FIG. 4 shows a sectional representation of the heating pad 2, taken along line IV--IV in FIG. 1. The top view illustrates the arrangement of the different heating segments 12a, 12b, 12c, 12d in the first layer 13, the location of the temperature sensors 19, the arrangement of the heating conductors in the individual heating segments 12a, 12b, 12c, 12d and the manner in which the conductors and/or the wiring of the heating conductors 16 and the lines of the temperature sensors 19 are run. The electric conductors emerge, by way of example, at the right top end of the first layer 13 where they are united to form the cable 10. At their point of exit from the first layer 13, the electric conductors are once more fixed to the heating pad 2 by vulcanization so that no pulling forces will be transmitted to the electric conductors of the heating conductor 16 and/or to the electric conductors of the temperature sensors 19 in the first layer 13, for example if the cable 10 should be kinked or subjected to pulling forces.

In the embodiment represented by way of example in FIG. 4, the heating segments 12a, 12b, 12c, 12d are connected in parallel, electrically. The electric conductors of the temperature sensors 19 are united in pairs and leave the first layer 13 in this condition. A further conductor is provided for shielding the cable 10 and the heating pad 2 and is electrically connected to the third layer 25.

The particular manner in which the heating segments 12a, 12b, 12c, 12d and the temperature sensor 19 are wired, guarantee a high degree of safety and reduce the 15-wire bunched conductor, the cable 10, to a limited number of individual wire conductors.

The temperature sensors 19 are positioned in the individual heating segments 12a, 12b, 12c, 12d in the same plane as the heating conductors 16 and are connected to electric conductors which, in the illustrated embodiment, correspond to the heating conductor 16, and which are pervious to X-rays.

The meander pattern of the heating conductors 16 illustrated in FIG. 4 is to be understood as an example only it being understood that the conductor may be run through the first layer 13 along a different pattern, if needed.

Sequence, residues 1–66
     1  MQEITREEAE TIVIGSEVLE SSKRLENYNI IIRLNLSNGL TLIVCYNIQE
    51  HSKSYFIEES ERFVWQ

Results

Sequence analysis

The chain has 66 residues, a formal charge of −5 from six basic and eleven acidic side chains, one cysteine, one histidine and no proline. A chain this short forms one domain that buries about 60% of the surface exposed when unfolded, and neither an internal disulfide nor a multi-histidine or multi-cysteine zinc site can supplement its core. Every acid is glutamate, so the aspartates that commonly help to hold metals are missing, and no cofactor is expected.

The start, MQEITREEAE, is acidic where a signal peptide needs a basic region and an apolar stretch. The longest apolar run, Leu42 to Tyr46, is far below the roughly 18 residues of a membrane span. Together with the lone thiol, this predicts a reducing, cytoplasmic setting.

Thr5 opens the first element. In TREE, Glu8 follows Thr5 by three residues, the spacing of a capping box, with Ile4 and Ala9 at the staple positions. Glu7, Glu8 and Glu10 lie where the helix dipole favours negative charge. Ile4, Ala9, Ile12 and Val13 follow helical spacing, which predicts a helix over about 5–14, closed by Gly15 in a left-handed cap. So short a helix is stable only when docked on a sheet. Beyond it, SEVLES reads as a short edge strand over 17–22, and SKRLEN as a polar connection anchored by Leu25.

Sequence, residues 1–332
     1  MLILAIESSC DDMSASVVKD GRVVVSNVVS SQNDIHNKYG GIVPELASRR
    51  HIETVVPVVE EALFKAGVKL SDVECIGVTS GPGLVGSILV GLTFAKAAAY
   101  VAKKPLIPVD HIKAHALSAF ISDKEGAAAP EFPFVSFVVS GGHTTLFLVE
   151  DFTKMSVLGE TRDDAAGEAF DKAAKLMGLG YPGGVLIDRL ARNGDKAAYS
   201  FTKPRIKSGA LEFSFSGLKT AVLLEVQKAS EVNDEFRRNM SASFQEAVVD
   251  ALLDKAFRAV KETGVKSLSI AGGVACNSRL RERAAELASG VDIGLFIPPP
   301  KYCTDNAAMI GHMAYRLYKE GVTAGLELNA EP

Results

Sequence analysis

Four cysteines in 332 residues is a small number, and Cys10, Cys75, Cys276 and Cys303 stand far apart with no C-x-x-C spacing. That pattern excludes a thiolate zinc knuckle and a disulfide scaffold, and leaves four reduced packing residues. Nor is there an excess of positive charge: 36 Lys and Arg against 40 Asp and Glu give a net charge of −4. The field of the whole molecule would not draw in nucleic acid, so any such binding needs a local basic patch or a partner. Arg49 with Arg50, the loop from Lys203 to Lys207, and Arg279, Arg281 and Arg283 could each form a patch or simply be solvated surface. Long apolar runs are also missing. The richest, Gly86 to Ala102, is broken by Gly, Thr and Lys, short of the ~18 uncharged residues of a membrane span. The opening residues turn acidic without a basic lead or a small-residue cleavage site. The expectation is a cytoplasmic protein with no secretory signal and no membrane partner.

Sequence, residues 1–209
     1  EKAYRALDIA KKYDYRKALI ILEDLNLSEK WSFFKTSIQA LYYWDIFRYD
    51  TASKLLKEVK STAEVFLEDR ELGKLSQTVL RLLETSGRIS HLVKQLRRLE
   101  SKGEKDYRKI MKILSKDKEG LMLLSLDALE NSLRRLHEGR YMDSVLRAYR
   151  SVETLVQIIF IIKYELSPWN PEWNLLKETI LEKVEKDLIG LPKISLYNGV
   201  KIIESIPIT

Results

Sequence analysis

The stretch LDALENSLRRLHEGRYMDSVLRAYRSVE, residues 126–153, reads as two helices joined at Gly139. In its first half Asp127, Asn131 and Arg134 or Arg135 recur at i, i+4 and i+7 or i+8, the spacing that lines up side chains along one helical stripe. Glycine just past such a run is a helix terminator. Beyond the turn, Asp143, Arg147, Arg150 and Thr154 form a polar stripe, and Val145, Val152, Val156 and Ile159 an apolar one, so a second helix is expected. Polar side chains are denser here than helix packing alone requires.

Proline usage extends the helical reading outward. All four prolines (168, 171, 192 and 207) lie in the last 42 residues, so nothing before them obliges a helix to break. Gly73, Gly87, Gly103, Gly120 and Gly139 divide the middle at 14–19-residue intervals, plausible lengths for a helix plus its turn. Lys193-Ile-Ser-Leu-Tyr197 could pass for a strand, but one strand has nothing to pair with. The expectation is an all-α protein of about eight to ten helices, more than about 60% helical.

The folding notch 11 at the point of exit of the cable 10 from the heating pad 2 gives the cable 10 great freedom to move relative to the heating pad 2, free from pulling and compression stresses.

FIG. 5 shows a plug 21 of the type provided at that end of the cable 10 which is remote from the heating pad 2. The free end of the plug 21 can be sealed by a cap 22 which can be fitted thereon in pressure, gas and liquid-tight fashion. The cap 22 is fitted on the plug 21 when the heating pad is to be sterilized together with its cable 10 and the plug 21. With the cap 22 removed, the plug 21 can be plugged into a matching socket arranged at the rear of the control and regulating unit 3.

FIG. 6 shows a plan view of the lower surface of the heating pad 2, i.e. the surface of the conductive third layer 25. In the example illustrated in this figure, the marginal areas of the conductive third layer 25 are equipped with closure tapes which are fixed thereto either by bonding or by vulcanization. The closure tapes consist, preferably, of self-locking tapes 23 or snap-fastener tapes 24 by means of which additional heating pads can be attached to the heating pad 2. This enables the size of the heating pad 2 to be increased in a simple manner.

FIG. 7 shows a very diagrammatic representation of another embodiment of a heating pad 30, and other embodiments of segments 33 to 36.